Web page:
Many other NBA records can be engraved in Springfield at the Basketball Hall of Fame. Here are some most unbreakable records in NBA history.

The 10 most unbreakable records in NBA history.

They say records are made to be broken, and while that’s a nice, ambitious saying, it’s not true.

The 10 most unbreakable records in NBA history.

Some NBA records are sure to stand the test of time just due to the changing landscape of the NBA.

Take the lowest-scoring game in NBA history, which finished 19-18 in 1950 (a Fort Wayne Pistons win over the Minneapolis Lakers). No game will come close to that level of futility again, since that game took place before the shot clock.

These are the NBA records that will never be broken.

  • 20 Free Throws Missed Without a Make

During the NBA’s second season in 1947-48, Giff Roux of the St. Louis Bombers was sent to the line 20 times. And he missed all 20.

Roux’s Bombers lost to the Knicks by just four points, so leaving 20 points on the board affected the outcome.

Roux was a 51.1 percent career shooter from the line, and the next most free-throw misses without a make is Shaq’s 11.

  • 30 Assists in a Game

On Dec. 30, 1990, Skiles broke Kevin Porter’s 12-year-old record by one assist. Skiles provided most of the offense as the Magic scored a franchise-high of 155 points in a win over Denver.

Skiles also had 22 points in the game so it wasn’t like he was looking pass-first, second and third.

His 30 assists were two more than all of the other players had in the game. Both Denver and the other Magic players had 28 assists combined, 14 assists for each side.

  • 7 Personal Fouls in a Game

This record may have cost someone his job because in Cal Bowdler’s fifth career NBA game, he recorded an implausible seven personal fouls.

Yes, a player fouls out after six fouls in the NBA, but the scorekeeper for Bowdler’s game miscounted his number of fouls throughout the game.

It wasn’t until after the game was over that he noticed that Bowdler had picked up his sixth foul and kept playing before fouling out (again) on his seventh foul.

  • 118 50-Point Games

So many Wilt Chamberlain records are related to scoring, but this mark is more unreachable than even his 100-point game.

The 10 most unbreakable records in NBA history.

Chamberlain had 118 50-point games, which is nearly four times as many as the player with the second most (Michael Jordan, 31).

Wilt the Stilt actually had more 50-point games in one season (45 in 1961-62) than any other player has had in their entire career. 

  • 1 Quadruple-Double

Seeing as there have been just four of these in NBA history, and all by different players, it’s safe to say that no one is going to break this record and record two quadruple-doubles.

What makes a quadruple-double so tough is getting at least 10 of one of the defensive statistics.

You can chase stats in terms of points, rebounds and assists, but chasing after blocks and steals is much harder.

  • 11 NBA Championships Won as a Player

Tom Brady leads all NFL players with six Super Bowl rings, and Yogi Berra leads all MLB players with 10 World Series rings.

But Bill Russell tops both of them with 11 NBA championships in his 13 NBA seasons.

The 10 most unbreakable records in NBA history.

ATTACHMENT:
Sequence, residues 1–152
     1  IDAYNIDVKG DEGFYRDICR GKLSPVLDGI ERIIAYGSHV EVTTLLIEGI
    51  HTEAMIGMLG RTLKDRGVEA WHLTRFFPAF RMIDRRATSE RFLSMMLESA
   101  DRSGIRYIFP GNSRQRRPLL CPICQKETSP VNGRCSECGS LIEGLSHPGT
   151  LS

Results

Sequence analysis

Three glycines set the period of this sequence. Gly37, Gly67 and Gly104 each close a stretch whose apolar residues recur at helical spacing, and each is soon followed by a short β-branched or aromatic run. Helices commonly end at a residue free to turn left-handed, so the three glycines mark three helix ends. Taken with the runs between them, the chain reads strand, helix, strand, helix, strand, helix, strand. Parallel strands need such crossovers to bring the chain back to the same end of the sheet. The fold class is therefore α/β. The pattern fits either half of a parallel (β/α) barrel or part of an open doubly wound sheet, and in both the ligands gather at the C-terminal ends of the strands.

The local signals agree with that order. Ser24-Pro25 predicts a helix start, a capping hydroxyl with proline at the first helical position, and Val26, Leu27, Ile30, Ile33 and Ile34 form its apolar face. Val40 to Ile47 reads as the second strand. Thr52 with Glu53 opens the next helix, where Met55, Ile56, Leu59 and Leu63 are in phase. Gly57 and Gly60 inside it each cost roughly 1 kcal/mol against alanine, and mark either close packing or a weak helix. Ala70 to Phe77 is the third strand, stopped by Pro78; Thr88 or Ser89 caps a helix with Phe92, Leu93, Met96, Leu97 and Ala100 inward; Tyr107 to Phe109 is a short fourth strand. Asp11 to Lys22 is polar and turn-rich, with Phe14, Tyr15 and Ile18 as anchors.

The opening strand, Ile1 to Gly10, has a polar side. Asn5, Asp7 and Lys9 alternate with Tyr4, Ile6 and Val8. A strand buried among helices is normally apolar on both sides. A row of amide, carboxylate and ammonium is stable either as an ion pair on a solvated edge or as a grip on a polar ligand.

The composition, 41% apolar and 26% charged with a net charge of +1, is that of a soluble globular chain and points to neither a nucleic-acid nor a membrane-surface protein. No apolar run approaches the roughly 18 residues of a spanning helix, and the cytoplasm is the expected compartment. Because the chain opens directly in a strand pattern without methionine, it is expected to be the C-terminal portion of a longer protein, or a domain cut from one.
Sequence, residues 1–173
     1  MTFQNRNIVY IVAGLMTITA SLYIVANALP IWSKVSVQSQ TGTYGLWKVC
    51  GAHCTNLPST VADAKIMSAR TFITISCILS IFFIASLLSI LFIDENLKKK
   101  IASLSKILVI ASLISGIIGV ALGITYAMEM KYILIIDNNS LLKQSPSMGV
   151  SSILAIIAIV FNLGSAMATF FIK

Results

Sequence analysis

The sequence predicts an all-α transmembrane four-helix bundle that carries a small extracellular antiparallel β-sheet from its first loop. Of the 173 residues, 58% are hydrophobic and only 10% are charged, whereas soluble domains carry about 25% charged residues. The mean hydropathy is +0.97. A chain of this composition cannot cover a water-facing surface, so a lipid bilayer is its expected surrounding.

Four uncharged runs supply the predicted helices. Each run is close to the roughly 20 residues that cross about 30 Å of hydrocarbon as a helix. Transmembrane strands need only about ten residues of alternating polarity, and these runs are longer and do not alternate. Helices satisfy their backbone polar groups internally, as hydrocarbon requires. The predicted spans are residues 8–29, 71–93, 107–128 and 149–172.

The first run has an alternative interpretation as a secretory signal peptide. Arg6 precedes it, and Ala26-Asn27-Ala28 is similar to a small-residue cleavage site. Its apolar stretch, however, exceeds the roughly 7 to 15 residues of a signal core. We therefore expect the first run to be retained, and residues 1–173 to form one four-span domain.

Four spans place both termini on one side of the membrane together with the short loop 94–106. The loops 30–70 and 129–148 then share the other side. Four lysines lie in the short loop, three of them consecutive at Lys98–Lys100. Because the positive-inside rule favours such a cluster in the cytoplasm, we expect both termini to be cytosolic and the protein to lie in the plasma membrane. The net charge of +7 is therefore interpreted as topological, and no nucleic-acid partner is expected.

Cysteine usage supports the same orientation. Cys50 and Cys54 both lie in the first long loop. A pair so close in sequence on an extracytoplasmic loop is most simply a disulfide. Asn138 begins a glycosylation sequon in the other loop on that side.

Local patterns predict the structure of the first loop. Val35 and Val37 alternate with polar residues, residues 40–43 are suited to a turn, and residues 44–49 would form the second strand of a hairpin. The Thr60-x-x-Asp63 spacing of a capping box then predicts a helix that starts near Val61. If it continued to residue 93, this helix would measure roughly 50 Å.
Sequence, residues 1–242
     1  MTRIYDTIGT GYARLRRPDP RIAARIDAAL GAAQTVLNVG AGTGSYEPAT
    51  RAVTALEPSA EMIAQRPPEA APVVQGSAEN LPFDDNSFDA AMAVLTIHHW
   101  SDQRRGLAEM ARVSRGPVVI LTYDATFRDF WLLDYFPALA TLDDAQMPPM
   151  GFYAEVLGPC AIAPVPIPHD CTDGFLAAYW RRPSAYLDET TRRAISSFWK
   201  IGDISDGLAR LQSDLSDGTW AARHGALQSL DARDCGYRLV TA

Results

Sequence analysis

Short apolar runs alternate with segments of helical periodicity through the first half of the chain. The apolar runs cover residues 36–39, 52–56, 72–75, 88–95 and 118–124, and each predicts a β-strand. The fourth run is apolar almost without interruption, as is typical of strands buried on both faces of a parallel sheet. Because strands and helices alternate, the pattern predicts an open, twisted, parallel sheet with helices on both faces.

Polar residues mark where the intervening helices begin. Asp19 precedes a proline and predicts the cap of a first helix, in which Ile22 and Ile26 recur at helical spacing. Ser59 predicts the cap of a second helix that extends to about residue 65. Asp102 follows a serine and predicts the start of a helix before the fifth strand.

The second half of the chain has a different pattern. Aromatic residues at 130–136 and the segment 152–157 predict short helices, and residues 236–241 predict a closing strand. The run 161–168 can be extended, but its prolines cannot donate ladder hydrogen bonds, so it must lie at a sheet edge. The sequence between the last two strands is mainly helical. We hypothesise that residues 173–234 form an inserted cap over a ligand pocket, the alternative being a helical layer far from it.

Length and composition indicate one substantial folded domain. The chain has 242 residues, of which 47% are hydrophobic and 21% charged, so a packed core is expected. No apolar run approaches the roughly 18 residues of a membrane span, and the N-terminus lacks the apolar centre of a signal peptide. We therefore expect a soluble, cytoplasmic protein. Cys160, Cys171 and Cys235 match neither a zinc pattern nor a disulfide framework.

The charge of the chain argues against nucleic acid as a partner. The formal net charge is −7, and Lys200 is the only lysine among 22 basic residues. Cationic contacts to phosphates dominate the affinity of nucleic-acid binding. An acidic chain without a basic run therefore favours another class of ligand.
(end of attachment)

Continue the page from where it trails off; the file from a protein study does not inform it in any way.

The NBA had a much different landscape in the 1950s and ’60s, which helped Russell and the Celtics.

Teams only had to win two series to win the championship until the 1965-66 season when it became three series.

  • 37 Points in a Quarter

The record for most points in a quarter increased incrementally over the years as it went from 31 (Wilt Chamberlain in 1962) to 32 (David Thompson in 1978) to 33 (George Gervin in 1978 and Carmelo Anthony in 2008).

But Klay Thompson just kicked down the door and leapfrogged all of them.

In the third quarter of a 126-101 Golden State Warriors win over the Sacramento Kings on Jan. 23, 2015, Thompson scored 37 points (of the team’s 41) on a perfect 13-for-13 shooting. 

  • 88 Games Played in a Season

Just reaching 82 games played in a season is cause for celebration in today’s NBA, but Hall of Famer Walt Bellamy had fortuitous timing to play in 88 games during the 1968-69 season.

Obviously, Bellamy didn’t play in that many games with one team — a midseason trade enabled him to reach that total.

The 10 most unbreakable records in NBA history.

He played in each of the Knicks’ first 35 games of the season and was then traded to the Detroit Pistons, who had only played 29 team games when he joined them.

That difference of six enabled Bellamy to add six games to his schedule and reach 88 total.

  • Fastest Disqualification Due to Personal Fouls — 2 Minutes, 43 Seconds

Bubba Wells played 39 games in his entire NBA career, but one of those 39 makes him infamous.

Wells was instructed by Mavericks coach Don Nelson to essentially employ the Hack-a-Shaq strategy on the Bulls’ Dennis Rodman and foul him every chance he got.

Thus, Wells lasted all of two minutes and 43 seconds before picking up his sixth foul and being disqualified.

The plan also backfired on the Mavs as Rodman, a career 58 percent free-throw shooter, knocked down 9-of-12 free throws (75 percent).

  • 107 Points in a Half by a Team

The 1990-91 Phoenix Suns were the fourth-highest scoring team in the NBA and averaged 114 points per game. But on Nov. 10, 1990, they nearly reached that average in the first half alone, scoring a record 107 points against the Denver Nuggets, who allowed the most points per game.

The Suns scored 50 points in the first quarter and then somehow topped that with a staggering 57 points in the second. They led 107-67 at halftime, and the game wasn’t even as close as the score indicated.

The Nuggets clipped the deficit slightly in the second half as Phoenix scored just 66 points after the break and won the game 173-143.

By Rishabh

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